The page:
17 May 2021

Capita supports Ministry of Justice to deliver the first national rollout of sobriety tags in England

Guest Blog: Alistair Murray, Managing Director, Justice, Central Government & Transport at Capita shares information on the recently announced Electronic Monitoring Service (EMS), and their work with the Ministry of Justice (MoJ) to rollout the sobriety tags across England, as part of the Alcohol Abstinence and Monitoring Requirement (AAMR). #DigitalJustice2021 week!

The ankle tags will be fitted by EMS field officers to people who have received a court-mandated alcohol abstinence order. These orders can be given to individuals who commit alcohol-related crime and are designed to help address their past behaviour and support their rehabilitation.

When a person, who has been tagged, requires advice and support, they can contact trained EMS staff on a free phone number. The sobriety tag is one part of the alcohol abstinence order, and individuals who are given one will be provided with further professional support to aid their rehabilitation.

Alistair Murray, Capita’s managing director for Justice, Central Government and Transport, said: “We are proud to be supporting the Ministry of Justice to deliver the first national rollout of sobriety tags in England. This innovative technology will help enable the rehabilitation of individuals who commit alcohol-related crimes in the country and help make our society safer.”

The tags, supplied by AMS, come equipped with sensors that provide around-the-clock monitoring of an individual’s sweat which can tell whenever alcohol has been consumed. Crucially, the tags understand the difference between an alcoholic drink and other substances or liquids which contain alcohol, such as hand sanitiser.

The rollout in England follows the successful launch of the programme in Wales in October 2020, which was also supported by EMS. The Wales programme has to date seen more than 100 people with alcohol abstinence orders issued with sobriety tags.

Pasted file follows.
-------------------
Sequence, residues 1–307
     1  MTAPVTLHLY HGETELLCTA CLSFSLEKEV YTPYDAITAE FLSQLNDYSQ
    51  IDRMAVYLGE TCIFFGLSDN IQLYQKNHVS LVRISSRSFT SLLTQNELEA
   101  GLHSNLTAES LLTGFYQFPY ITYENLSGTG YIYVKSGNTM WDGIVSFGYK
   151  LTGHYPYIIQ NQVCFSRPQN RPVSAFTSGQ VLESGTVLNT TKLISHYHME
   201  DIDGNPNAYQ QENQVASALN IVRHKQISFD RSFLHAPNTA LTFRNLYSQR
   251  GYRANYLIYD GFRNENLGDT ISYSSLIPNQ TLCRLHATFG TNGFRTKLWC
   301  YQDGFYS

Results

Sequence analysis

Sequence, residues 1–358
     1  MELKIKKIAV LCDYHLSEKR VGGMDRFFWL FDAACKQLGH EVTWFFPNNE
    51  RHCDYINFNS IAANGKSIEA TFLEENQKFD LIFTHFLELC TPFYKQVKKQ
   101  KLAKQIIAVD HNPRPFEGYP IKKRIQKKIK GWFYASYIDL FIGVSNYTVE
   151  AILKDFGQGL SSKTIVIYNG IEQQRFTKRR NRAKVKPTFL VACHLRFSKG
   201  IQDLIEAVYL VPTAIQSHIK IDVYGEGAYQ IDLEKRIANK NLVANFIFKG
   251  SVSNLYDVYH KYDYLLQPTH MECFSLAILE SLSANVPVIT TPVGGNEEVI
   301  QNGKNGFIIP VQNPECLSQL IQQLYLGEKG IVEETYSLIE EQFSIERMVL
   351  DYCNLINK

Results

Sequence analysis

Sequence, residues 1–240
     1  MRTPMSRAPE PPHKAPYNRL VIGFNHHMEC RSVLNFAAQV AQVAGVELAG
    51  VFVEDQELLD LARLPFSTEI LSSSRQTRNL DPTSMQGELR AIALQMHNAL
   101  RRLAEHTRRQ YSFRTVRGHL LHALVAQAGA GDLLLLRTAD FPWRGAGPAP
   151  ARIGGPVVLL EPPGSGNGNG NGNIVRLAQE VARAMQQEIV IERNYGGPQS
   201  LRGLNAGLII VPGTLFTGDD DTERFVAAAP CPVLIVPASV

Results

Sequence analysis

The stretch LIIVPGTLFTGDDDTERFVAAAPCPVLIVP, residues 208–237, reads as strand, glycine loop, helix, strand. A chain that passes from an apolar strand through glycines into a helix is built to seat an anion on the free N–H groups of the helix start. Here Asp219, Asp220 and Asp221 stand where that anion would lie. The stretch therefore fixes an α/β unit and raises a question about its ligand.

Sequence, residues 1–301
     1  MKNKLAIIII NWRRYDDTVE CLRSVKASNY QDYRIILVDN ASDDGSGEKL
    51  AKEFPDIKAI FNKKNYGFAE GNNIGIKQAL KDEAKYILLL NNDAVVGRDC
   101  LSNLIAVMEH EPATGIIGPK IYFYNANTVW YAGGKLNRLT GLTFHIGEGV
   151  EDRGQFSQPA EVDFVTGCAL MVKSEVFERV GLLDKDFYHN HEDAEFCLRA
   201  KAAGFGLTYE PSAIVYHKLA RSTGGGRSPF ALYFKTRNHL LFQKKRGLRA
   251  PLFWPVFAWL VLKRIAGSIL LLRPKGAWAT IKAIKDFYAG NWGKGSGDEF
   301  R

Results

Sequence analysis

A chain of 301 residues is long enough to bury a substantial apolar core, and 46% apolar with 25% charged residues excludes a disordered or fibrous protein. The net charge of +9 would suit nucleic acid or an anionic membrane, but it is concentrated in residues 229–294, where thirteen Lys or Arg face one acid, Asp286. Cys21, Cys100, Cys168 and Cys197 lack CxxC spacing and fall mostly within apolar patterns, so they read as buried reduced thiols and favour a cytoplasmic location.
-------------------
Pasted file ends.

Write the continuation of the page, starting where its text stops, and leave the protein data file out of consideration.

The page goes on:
Minister for Crime and Policing, Kit Malthouse MP said: “These tags have already brought enormous benefit to Wales since they were introduced in October, with one offender I met saying it not only changed his ways but also saved his life”.

"This smart and powerful new tool is helping the fight against alcohol-fuelled violence which ruins too many lives and families and creates mayhem in our town centres".

For more information, please click here

techUK's 'Digital Justice’ work explores ways to modernise the Justice system through the adoption of technology. If you want to learn more or share your work and how you are driving digital transformation across the Criminal Justice System, please reach out to Georgie Henley, [email protected]

Georgina Henley

Georgina Henley

Head of Justice and Emergency Services, techUK

Georgie joined techUK as the Justice and Emergency Services Programme Manager in March 2020.

Georgie is dedicated to representing suppliers by creating a voice for those who are selling into blue lights and the justice system, but also by helping them in navigating this market. Georgie is committed to creating a platform for collaboration, from engaging with industry and stakeholders to understand the latest innovations, to the role tech can play in responding to a range of issues our justice and emergency services are facing 

Prior to joining techUK, Georgie managed a Business Crime Reduction Partnership (BCRP) in Westminster. She worked closely with the Metropolitan Police and London borough councils to prevent and reduce the impact of crime on the business community. Her work ranged from the impact of low-level street crime and anti-social behaviour on the borough, to critical incidents and violent crime.

[email protected]

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